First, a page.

After years of stops and starts, electric cars and plug-in hybrids are on the cusp of a new era of mainstream acceptance, starting this year.
Post on Jul 28, 2010 by Sheraz Sadiq
Now, a vulture isn't what typically comes to mind for making a good first impression. But this bird is absolutely gorgeous, and unbelievably interesting; we instantly fell in love.
Post on Jun 16, 2009 by Lindsay Kelliher
Today QUEST TV broadcasts its half-hour documentary "Chasing Beetles, Finding Darwin," which tells the story of California Academy of Sciences beetle expert David Kavanaugh's unusual prediction that a new species of beetle would be found in Northern California's Trinity Alps.
Post on Feb 10, 2009 by Gabriela Quirós
The rocks, long known as the "Sunset Boulders", have attracted rock climbers for years. I've climbed these rocks before. But like so many other people, I had no idea I was touching history. During the Pleistocene, 10 to 20,000 years ago, this place was very different than it is today, inhabited by massive mega-fauna; bigger elephants, lions, bears and wolves, than we see today.
Post on Nov 10, 2008 by Chris Bauer
Although African Americans represent one eighth of the U.S. population, they make up half of the people living with HIV in the country, according to the Los Angeles-based Black AIDS Institute.
Post on Oct 14, 2008 by Gabriela Quirós
By the time I was ten years old I knew the old California Academy of Sciences building by heart. After countless birthday parties, field trips and family outings, my brother and I, along with our sugar-filled urchin gang of friends and cousins, could have led tours of "the Aquarium."
Post on Aug 19, 2008 by Chris Bauer
It's challenging to report on an illness such as autism, which scientists and doctors are only beginning to understand (the disease was described in the 1940s) and over which there is so much debate. There is even disagreement around the question of whether or not there has been a real increase in the number of children being diagnosed with autism in California.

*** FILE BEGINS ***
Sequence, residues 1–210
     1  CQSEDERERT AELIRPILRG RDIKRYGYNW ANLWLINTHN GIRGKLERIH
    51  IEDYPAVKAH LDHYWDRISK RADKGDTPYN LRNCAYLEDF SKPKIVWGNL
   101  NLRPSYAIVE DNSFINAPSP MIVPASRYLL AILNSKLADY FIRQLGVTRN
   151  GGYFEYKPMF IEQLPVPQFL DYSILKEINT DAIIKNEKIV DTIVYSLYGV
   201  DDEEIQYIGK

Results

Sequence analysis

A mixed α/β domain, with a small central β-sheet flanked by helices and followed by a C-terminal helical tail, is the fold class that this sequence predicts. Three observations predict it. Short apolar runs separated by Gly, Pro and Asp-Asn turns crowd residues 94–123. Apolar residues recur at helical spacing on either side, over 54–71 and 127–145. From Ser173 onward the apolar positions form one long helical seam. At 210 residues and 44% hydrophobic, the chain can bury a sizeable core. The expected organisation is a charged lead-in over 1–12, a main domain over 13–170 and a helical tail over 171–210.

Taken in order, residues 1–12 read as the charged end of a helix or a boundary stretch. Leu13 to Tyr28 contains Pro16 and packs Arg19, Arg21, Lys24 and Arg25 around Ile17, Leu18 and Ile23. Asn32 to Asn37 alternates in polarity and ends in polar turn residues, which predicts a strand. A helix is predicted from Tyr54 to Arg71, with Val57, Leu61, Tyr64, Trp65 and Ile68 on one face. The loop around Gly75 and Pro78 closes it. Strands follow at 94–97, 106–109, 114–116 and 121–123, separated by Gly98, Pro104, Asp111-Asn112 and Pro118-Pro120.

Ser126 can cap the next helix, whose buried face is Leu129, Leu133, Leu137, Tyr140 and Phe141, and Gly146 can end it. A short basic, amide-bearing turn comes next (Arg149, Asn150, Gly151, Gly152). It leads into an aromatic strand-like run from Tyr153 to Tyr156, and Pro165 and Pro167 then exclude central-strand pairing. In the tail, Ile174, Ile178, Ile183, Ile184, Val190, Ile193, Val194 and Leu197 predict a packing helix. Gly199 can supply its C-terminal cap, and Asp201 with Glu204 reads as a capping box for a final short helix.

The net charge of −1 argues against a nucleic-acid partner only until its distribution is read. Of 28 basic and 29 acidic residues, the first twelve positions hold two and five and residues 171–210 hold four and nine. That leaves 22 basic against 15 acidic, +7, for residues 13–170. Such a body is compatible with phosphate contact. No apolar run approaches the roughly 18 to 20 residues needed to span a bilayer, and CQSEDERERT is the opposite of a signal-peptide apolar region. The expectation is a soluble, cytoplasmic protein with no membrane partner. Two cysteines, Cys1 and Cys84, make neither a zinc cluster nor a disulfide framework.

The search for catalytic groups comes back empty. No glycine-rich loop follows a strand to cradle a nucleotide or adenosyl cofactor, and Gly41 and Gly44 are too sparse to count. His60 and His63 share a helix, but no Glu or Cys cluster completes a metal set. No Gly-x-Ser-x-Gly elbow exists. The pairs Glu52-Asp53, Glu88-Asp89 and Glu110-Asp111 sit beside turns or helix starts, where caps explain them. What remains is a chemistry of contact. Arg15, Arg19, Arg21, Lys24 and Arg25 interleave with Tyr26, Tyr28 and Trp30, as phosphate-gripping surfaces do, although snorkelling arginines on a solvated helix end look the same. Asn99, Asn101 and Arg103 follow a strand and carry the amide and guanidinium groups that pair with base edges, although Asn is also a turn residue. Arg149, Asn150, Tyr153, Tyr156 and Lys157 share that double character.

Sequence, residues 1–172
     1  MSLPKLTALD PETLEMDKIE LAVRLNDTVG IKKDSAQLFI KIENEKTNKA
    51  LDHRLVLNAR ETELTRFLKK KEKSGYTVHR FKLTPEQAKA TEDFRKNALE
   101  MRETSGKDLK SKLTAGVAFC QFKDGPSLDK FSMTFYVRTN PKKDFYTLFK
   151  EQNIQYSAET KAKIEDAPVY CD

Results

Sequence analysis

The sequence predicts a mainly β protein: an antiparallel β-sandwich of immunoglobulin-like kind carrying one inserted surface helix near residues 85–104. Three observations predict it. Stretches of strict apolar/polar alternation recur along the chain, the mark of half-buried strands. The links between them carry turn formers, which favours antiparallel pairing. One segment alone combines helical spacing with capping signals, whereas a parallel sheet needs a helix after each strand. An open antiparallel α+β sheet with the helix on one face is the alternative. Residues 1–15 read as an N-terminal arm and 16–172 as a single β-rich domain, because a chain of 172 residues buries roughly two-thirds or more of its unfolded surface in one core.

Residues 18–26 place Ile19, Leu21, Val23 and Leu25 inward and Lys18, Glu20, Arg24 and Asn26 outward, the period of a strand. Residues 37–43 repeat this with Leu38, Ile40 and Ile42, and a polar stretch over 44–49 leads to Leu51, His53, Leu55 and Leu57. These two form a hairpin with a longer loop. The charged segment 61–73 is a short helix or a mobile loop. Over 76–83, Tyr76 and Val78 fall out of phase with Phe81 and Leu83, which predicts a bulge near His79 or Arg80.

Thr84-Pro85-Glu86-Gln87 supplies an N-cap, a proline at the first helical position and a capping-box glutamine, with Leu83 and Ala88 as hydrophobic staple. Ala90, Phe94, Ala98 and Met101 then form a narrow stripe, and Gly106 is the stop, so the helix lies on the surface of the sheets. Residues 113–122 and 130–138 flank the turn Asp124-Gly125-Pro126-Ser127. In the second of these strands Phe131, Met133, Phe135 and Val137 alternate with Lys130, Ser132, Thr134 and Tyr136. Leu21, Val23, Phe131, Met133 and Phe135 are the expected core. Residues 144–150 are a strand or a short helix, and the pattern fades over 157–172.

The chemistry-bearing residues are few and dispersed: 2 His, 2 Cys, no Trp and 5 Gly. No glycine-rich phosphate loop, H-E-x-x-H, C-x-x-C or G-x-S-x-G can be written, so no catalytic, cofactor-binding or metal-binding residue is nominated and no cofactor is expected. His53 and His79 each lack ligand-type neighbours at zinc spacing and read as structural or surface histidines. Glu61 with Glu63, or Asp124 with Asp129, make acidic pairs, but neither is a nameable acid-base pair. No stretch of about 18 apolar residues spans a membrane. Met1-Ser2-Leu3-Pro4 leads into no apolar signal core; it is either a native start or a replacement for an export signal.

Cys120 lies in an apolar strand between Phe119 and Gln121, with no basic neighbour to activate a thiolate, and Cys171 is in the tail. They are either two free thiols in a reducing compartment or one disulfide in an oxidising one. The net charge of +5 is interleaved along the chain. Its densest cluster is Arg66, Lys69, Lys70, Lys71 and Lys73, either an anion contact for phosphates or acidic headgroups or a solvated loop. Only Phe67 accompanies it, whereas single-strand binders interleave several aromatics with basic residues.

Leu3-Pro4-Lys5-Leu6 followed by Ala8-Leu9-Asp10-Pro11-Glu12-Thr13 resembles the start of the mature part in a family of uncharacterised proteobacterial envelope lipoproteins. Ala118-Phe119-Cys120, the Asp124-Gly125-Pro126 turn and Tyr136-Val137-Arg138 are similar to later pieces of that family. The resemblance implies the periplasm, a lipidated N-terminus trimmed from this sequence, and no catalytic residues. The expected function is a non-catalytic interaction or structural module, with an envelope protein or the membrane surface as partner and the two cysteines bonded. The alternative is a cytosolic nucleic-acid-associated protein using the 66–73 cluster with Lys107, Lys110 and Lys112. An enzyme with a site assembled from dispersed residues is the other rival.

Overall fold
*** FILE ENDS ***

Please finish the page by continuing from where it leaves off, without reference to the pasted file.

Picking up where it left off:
Post on Aug 19, 2008 by Gabriela Quirós
OK, they might look a bit like a great potential pet, but as dog-like as they are, you really don't want one of these at home. They're spotted hyenas – and they're native to sub-Saharan Africa. And I guarantee you that they're tougher and stronger than they look.
Post on Aug 12, 2008 by Josh Rosen
Do you love photographing Science, Environment and Nature in Northern California? Would you like to collaborate on a 2-minute QUEST TV short about your photography for an audience of over 100,000 viewers?
Post on Aug 05, 2008 by Craig Rosa
I love the idea that he was just listening to the radio one day and heard that the Library of Congress was failing in its struggle to preserve a significant portion of our nation's music and sound heritage. Haber basically thought, "well, as a designer of instrumentation for particle physics, I think I can help." And that's what he did.
Post on Jul 29, 2008 by Josh Rosen
Our QUEST story on the science of steroids, how they affect the body, and the super-smart sleuths who are using science to catch the cheaters who abuse them, turned up some interesting information. For one thing, I was surprised to learn that according to the National Institute on Drug Abuse's fact sheet about anabolic-androgenic steroids, nearly 2 percent of 10th graders (both boys and girls) admitted to using steroids at some point…
Post on Jul 29, 2008 by Sheraz Sadiq
I had the pleasure of briefly meeting Dr. Robert Drewes, the esteemed Curator and Chairman of the Department of Herpetology at the California Academy of Sciences, upon his return from the Gulf of Guinea where he has been leading research teams over the past decade to study the unique flora and fauna of the islands.
Post on Jul 29, 2008 by Jenny Oh
Sitting in a small, non-descript room in the basement of the Lawrence Berkeley National Lab in Berkeley, astronomy graduate student Hannah Swift and physicist Saul Perlmutter are searching for supernovae, stars destroyed in huge explosions millions or billions of years ago.
Post on Jul 23, 2008 by Gabriela Quirós
So, I was curious how scientists like Fung and Dawson, whose research leads to predictions of widespread climatic chaos and environmental meltdown, are able to cope with their frequently depressing findings. And what do they hope to do with their results?
Post on Jul 22, 2008 by Amy Miller